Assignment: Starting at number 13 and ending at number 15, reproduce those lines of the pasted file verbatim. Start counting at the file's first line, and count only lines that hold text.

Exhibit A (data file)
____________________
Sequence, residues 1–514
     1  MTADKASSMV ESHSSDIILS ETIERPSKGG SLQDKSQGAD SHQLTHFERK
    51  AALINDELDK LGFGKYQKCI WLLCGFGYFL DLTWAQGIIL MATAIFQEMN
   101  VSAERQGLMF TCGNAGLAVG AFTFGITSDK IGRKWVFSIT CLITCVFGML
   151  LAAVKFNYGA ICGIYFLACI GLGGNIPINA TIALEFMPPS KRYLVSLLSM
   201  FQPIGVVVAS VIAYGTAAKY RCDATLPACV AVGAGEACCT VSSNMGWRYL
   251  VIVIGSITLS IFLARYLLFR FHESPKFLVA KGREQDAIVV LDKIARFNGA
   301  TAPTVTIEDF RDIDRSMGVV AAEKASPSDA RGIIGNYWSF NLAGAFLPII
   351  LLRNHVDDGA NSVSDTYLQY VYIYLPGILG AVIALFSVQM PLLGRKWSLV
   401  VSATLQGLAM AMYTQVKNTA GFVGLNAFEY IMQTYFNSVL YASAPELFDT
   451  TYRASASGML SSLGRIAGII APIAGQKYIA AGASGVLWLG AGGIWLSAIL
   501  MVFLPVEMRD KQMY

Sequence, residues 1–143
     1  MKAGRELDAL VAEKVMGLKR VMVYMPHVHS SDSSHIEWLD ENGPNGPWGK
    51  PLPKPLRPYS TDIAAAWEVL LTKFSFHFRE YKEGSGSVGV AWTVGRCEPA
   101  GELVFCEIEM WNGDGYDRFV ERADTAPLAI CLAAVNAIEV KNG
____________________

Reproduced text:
Sequence, residues 1–143
     1  MKAGRELDAL VAEKVMGLKR VMVYMPHVHS SDSSHIEWLD ENGPNGPWGK
    51  PLPKPLRPYS TDIAAAWEVL LTKFSFHFRE YKEGSGSVGV AWTVGRCEPA